Ulcers are a man-made disease, affecting up to 90 percent of racehorses and 60 percent of show horses. Stall confinement alone can lead to the development of ulcers. A horse’s feeding schedule also can be a factor. When horses are fed just twice a day, the stomach is subjected to a prolonged period without feed to neutralize its naturally produced acid. In addition, high-grain diets produce volatile fatty acids that can also contribute to the development of ulcers.
Stress, both environmental and physical, can increase the likelihood of ulcers, as can hauling, training and mixing groups of horses. Strenuous exercise can decrease the emptying of the stomach and the blood flow to the stomach, thus contributing to the problem.
The treatment and prevention of gastric ulcers is directed at removing these predisposing factors, thus decreasing acid production within the horse’s stomach. Follow these tips from the American Association of Equine Practitioners (AAEP) to properly treat your horse’s ulcers:
- Allow free-choice access to grass or hay. Horses are designed to be grazers with a regular intake of roughage.
- If the horse must be stalled, arrange for the horse to see the horses he socializes with. Consider offering a ball or other object that the horse can enjoy in his stall.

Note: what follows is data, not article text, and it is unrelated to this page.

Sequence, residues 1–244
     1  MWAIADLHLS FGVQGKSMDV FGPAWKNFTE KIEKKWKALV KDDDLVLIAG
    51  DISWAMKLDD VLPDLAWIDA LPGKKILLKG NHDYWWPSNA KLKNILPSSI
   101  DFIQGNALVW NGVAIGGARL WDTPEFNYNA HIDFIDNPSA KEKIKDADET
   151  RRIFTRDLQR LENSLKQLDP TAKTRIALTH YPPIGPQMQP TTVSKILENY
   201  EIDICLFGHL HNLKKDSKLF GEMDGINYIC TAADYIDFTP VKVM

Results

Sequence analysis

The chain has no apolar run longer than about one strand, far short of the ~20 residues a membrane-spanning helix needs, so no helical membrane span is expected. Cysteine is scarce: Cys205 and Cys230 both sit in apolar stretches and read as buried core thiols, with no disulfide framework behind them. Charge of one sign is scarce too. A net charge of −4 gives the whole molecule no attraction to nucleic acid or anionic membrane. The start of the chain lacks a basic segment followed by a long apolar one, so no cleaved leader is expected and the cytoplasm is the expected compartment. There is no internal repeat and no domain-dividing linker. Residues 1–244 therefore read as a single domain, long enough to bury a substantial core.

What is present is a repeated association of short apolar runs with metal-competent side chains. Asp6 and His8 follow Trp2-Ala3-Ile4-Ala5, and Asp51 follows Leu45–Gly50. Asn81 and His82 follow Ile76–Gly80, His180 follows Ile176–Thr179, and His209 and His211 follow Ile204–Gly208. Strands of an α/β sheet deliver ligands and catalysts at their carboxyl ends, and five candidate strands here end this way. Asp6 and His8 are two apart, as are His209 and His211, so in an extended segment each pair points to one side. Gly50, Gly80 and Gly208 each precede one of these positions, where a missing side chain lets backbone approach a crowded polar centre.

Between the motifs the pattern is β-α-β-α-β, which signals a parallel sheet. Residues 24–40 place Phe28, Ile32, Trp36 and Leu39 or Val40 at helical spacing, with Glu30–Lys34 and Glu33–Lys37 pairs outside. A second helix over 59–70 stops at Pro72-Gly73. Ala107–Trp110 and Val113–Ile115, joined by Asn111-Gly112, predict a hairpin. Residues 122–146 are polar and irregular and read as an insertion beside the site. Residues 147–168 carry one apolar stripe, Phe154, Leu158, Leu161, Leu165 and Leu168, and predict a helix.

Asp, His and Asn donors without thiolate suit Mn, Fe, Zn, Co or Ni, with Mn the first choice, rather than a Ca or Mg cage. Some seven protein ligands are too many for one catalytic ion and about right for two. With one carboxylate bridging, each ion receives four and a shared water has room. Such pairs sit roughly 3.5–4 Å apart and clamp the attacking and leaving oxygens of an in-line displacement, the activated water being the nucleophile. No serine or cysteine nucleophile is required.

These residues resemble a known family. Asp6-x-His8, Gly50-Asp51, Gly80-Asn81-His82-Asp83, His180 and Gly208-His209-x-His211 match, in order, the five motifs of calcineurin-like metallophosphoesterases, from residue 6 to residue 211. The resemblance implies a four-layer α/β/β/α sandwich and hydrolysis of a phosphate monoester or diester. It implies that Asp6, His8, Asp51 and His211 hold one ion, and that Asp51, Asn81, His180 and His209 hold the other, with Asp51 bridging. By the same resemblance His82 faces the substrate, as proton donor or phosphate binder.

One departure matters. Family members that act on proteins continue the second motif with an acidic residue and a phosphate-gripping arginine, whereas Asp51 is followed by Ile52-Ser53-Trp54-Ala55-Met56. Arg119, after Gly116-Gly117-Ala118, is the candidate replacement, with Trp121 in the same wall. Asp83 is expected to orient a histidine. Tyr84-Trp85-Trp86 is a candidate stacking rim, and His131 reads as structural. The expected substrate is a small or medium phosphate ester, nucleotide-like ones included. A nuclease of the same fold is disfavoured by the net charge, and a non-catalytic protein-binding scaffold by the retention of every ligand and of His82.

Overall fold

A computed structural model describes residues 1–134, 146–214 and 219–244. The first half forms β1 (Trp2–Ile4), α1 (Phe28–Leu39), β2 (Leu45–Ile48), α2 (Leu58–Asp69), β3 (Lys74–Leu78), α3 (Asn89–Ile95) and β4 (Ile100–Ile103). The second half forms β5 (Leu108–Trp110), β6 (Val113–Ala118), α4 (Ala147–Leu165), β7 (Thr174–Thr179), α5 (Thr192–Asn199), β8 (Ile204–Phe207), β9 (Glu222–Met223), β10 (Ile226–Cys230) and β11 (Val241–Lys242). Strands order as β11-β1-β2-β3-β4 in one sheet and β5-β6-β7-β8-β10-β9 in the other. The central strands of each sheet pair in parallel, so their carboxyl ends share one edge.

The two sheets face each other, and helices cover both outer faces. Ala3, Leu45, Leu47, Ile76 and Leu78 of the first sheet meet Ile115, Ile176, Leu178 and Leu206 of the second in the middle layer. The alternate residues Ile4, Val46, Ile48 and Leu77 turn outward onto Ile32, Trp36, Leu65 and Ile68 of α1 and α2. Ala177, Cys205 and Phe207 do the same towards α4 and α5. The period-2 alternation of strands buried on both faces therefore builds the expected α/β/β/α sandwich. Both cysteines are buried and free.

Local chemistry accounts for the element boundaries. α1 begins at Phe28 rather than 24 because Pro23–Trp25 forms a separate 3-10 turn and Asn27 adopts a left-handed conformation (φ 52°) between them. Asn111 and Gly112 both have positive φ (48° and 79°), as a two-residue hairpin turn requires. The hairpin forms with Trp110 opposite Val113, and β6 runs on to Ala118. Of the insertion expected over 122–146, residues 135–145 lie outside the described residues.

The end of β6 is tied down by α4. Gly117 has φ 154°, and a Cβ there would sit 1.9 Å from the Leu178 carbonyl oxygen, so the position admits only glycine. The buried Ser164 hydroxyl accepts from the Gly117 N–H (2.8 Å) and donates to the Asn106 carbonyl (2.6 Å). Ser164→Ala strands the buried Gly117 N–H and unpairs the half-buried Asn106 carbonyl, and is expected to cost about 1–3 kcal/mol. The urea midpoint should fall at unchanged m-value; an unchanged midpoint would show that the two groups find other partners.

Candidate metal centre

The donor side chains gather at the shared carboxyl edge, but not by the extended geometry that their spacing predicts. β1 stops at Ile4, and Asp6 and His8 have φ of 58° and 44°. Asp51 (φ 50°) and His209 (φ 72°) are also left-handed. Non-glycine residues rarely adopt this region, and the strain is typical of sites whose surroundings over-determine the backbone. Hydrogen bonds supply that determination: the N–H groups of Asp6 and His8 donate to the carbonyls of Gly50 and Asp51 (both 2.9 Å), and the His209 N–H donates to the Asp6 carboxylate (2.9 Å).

- Feed the horse more frequently to help buffer the acid in the stomach.
- Decrease grains that form volatile fatty acids.
Medications that decrease acid production are available, but are only necessary in horses showing signs of clinical disease or when the predisposing factors, such as stress, cannot be removed.
The prevention of ulcers is the key. Limiting stressful situations along with frequent feeding or free-choice access to grass or hay is imperative. Neutralizing the production of stomach acid is nature’s best antacid. For more information about gastric ulcers, ask your equine veterinarian for the “Equine Gastric Ulcers” brochure provided by the American Association of Equine Practitioners (AAEP) in association with Nutrena, an AAEP Educational Partner. Additional information also can be found on the AAEP’s horse-health Web site, www.myHorseMatters.com.
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